Who receives those? Chief Justice Berch describes the group categories as:

  • Probation
  • Limited Jurisdiction Courts
  • General Jurisdiction Courts
  • Individual Achievement in Accomplishing the 2010-2015 Vision
  • One At-Large Award for outstanding contributions in meeting the goals of Justice 2020 A Vision for the Future of the Arizona Judicial Branch 2010-2015, as outlined in the Judiciary’s plan for continuing to improve public trust and confidence in the Arizona court system

More information on the awards and their criteria is here.

The online form is simple to complete; it may just take you a few minutes.

To get an idea of the kind of excellence we’re talking about, here are the 2012 winners.

Many Arizona lawyers work extensively with judicial officers and staff. I’m very confident that someone out there has spotted excellence worth recognizing. Today’s your chance.

Breaking Bad actor Bob Odenkirk as Saul Goodman

If even Breaking Bad’s Saul Goodman (played by actor Bob Odenkirk) said no to a client’s case, take a pass.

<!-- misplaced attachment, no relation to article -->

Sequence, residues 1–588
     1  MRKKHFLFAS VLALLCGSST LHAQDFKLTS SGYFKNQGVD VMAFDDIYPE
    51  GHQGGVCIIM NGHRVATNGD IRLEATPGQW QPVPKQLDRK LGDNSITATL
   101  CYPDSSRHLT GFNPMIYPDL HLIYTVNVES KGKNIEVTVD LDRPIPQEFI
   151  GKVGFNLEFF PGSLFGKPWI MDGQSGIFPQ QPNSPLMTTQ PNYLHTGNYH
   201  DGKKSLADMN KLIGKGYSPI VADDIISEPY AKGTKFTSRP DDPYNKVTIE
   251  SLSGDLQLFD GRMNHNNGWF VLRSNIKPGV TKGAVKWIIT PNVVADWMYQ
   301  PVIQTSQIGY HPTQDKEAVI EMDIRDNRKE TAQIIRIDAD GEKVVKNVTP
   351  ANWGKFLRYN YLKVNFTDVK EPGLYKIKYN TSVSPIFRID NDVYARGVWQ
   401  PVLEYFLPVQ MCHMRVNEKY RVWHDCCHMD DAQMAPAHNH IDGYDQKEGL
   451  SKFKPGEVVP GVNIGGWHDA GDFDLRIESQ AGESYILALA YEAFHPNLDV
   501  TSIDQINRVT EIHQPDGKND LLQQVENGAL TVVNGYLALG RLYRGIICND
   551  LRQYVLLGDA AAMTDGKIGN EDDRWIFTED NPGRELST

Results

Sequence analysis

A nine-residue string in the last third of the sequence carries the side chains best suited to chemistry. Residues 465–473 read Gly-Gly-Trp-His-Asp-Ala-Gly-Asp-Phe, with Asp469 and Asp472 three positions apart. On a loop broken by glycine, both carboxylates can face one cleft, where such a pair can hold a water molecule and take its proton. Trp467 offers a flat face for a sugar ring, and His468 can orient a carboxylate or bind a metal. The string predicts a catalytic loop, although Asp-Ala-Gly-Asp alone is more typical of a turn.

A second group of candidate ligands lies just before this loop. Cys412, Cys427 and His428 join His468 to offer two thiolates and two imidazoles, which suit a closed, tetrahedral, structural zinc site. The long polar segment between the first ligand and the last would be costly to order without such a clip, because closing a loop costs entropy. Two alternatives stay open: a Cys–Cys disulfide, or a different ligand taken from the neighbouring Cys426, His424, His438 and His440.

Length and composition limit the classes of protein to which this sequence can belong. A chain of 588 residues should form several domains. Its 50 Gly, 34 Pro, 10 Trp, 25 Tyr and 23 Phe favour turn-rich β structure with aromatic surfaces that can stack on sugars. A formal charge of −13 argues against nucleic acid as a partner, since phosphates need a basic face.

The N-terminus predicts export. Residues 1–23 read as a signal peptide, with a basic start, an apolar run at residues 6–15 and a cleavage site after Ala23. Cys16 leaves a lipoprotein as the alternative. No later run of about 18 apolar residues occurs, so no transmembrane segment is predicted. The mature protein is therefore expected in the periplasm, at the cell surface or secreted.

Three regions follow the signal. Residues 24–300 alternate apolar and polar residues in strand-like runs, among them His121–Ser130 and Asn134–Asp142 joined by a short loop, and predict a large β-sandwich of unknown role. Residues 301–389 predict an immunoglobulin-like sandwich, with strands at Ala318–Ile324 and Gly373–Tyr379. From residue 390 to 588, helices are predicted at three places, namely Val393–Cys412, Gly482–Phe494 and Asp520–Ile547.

A benefit of reading and writing all the time is that you pretty regularly come across content that’s terrific and that you wouldn’t ever have imagineered yourself. Today, I’m pleased to pass on a comical and insightful piece that deconstructs the words of a potential client’s previous lawyer. Well done!

If you’ve ever listened in disbelief as a potential client explains what a previous attorney said, this post is bound to resonate with you.

Let me know what you think. Here is the Unwashed Advocate (whose hilarious “About” page is here), who opens:

“I often get calls from potential clients who’ve previously contacted other lawyers. Invariably, the following is said during these conversations. … I’d like to help … by translating what the other lawyer said. Here goes.”

Prepare to chuckle in recognition as he “translates the lawyerese.”

Keep reading here.

law-schoolLet’s start our week off with a fight, shall we?

Well, more like a debate. But when attorneys get chatting about whether law school should be three years long, or two (or some hybrid), things can get a little heated.

This fire was rekindled this month when President Barack Obama mentioned that he believed two years of law school may be adequate. I guess he was practicing for a controversial dialogue about Syria.

That led law school professor Bruce Ackerman to rise up to defend the status quo.

Well, whattayaknow, someone didn’t agree with that.